Eric Schmidt, no less, thinks that the future belongs to platforms that are mobile, social and *local*… The Guardian believes the platform of choice is North America. I’m with Eric.

Sad, start-up ceo that I am, I decided to ease myself back into work mode by watching our old friend Eric Schmidt take centre stage at Dreamforce 2011 last week where, for an hour, he ran through his current thinking with Marc Benioff of Salesforce.

Those kind people at Google posted up a link on YouTube… complete with the relevant chapter ‘headings’.

The one that clearly leaps out is ‘Mobile, Local, Social’ which comes about 37 mins in to the presentation. It’s well worth a view.

For those who can’t be a*sed, here’s what Eric Schmidt says:

‘What I do know is that the next generation of these leaders will be something involving mobile, local and social…’

This is not, of course, the first time that Eric has seen the future as mobile; thataway lay a great ‘unwashed landscape’ of opportunity… and you can’t help but agree. Unless, of course, you’re BT for whom the future is, clearly, still all about a copper wire.


But what is *really* interesting for me is the way that Eric has now added ‘local’ to his fields of future exploration.

‘These are the terms that we use today for the way that people live and work,’ he continues, ie that we live, shop, educate, market, connect and congregate ‘locally’… What’s the news that *really* matters to me? The news that starts at the school gates…

Old stuff. We’ve been here before. Google will now look to work on predictive apps that warn motorists off traffic queues before they build; ‘real-time’ tools that help ease our journey into work, to drop the kids off at school. Local solutions for local issues.

He then talks about PCs; his birth-place; his alma mater. A platform that is now ‘30 to 40-years-old’, he reminds his audience. You could, I guess, add a printing press to that argument; now 400 to 500-years-old.

‘We’ve exhausted that platform [PCs]. There’s a new type of platform which is the quick hits, the quick ways to information and there is a new generation that will see this…’

Newspapers may still be many things to many people, it would need the most die-in-the-wool Newspaper Society propagandist to claim that newspapers, in their print form, offered ‘quick ways to information…’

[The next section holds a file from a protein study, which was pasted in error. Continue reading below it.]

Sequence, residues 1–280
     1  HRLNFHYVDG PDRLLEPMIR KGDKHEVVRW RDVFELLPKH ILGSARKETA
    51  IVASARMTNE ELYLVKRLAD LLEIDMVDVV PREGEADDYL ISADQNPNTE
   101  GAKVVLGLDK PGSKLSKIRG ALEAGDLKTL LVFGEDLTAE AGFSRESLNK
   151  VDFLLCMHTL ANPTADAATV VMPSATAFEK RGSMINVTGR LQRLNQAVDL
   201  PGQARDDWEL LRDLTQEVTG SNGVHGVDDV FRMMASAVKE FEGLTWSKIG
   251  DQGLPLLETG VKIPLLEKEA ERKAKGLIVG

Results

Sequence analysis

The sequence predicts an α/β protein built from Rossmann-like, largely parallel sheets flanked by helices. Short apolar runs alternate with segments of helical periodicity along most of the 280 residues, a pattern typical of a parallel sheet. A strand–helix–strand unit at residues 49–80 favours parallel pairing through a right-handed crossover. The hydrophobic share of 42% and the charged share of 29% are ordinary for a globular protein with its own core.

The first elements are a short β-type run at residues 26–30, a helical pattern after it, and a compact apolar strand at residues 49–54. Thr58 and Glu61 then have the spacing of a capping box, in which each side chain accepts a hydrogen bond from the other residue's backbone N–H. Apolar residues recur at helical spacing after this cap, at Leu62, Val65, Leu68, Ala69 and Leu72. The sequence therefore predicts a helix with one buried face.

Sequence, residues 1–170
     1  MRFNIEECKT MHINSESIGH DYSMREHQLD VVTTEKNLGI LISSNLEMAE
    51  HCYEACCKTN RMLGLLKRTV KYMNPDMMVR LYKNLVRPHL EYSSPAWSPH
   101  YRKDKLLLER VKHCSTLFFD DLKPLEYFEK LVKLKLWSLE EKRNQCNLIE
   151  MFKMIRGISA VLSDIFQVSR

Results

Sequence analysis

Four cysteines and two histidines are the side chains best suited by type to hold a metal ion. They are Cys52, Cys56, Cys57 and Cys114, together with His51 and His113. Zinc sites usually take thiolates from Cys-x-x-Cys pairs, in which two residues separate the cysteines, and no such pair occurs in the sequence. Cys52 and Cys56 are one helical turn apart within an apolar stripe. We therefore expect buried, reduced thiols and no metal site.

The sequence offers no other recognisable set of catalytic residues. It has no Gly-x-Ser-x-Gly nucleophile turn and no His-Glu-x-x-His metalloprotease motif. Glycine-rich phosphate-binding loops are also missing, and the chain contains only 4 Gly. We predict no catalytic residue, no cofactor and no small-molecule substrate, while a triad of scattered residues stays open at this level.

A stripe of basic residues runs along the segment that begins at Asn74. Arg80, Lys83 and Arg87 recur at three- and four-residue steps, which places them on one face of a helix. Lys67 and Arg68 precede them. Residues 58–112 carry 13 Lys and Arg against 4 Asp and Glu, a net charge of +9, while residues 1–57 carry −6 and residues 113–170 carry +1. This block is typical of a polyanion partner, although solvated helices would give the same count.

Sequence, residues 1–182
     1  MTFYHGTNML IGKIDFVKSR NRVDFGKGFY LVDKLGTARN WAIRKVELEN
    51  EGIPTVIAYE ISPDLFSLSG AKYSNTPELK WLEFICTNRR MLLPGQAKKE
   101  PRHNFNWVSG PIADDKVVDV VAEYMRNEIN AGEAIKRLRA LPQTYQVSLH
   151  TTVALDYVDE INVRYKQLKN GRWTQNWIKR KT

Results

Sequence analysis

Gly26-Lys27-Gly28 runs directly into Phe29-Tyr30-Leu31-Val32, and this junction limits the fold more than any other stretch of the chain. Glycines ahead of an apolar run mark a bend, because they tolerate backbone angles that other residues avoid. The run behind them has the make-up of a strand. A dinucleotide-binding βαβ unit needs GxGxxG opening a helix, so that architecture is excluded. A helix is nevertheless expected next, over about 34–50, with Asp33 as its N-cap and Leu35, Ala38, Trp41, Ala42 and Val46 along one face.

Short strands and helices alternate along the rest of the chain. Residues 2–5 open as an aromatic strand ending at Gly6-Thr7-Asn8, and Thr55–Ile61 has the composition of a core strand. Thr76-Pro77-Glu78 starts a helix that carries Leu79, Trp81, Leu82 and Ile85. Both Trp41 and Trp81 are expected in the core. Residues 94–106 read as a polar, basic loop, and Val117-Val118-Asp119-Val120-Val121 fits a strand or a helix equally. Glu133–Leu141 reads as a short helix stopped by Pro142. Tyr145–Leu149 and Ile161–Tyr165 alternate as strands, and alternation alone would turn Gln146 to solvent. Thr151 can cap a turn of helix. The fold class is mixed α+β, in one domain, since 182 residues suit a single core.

Alas, Eric doesn’t expound further on either local or social… by ’social’ I would hope that he means collaborative and participatory; that in times of disruption and threat, we turn back to our own, hunker down and help eachother out.

And when applied to the field of journalism, that’s not just in the act of story-telling, but of ad selling.

We help eachother out – both commercially and editorially.

That, as many of you might know, is where we’re off to next; building a collaborative, local advertising exchange that allows others to sell your ad space for you… in an open, transparent and social way.

We even have our own ‘forum’ now… a place where people come to meet, to socialise and do businesshttp://addiply.invisionzone.com/

I’d like to think that would *fit* within what Eric views as ’social’.

But it is his use of the word ‘local’ that really intrigues and delights.

My Old Man died on Christmas Eve in my finals year at Oxford. He had three great passions – left-of-centre politics, jazz music and The Guardian newspaper. The three, then, sat very easily together.

It’s probably why I tend to care, more than most, as to where *exactly* the old ‘Manchester Guardian’ is now head. And why, more than most, it was a big thing for me to be acting collaboratively with the great and the good of King’s Place when it came to GuardianLocal.

Which, to my mind and, presumeably, to Eric’s, sat so comfortably with these a-changing times.

But then you decided to ‘do America…’

To ask us all to sift through Sarah Palin’s email drawer and to keep our interest alive as the whole Wikileaks saga unfolded; and slowly but surely disappeared up its own, ego-driven a*se as the journalist became part of the story.

GuardianNorwich? You’d have had me for life. Working out whose password belongs to who and what encrypted data format file it should not have opened? Nah, lost me… You’re turning me off. And The Guardian newspaper is in my blood.

And, more worryingly, there is a growing sense that you feel you are beyond reproach; that for anyone to suggest that in abandoning all things Leeds and local to fight for the US ad bucks that the MailOnline seeks with its celeb photo spreads you got it wrong, is for Oliver to be asking for more… You are disconnecting with your core audience.

Way back when, I wrote a piece in which the Titanic featured. The band played on, etc…


To this day, I will argue that the safer and warmer waters lie to the south… that’s where, I suspect, the chairman of Google would go; to turn towards those lift-rafts marked ‘Local’ and ‘Social’… where we’re all in it together.

But you’ve decided to steer north; to do North America. To abandon local and – commercially – to forget acting collaboratively; exploring new participatory models of ad selling, just as you empower and all-but expect us all to happily rifle through Ms Palin’s drawers on your behalf.

But, there we go. Decision made. And besides what does Eric Schmidt know that you don’t, eh? You are The Guardian newspaper, after all.


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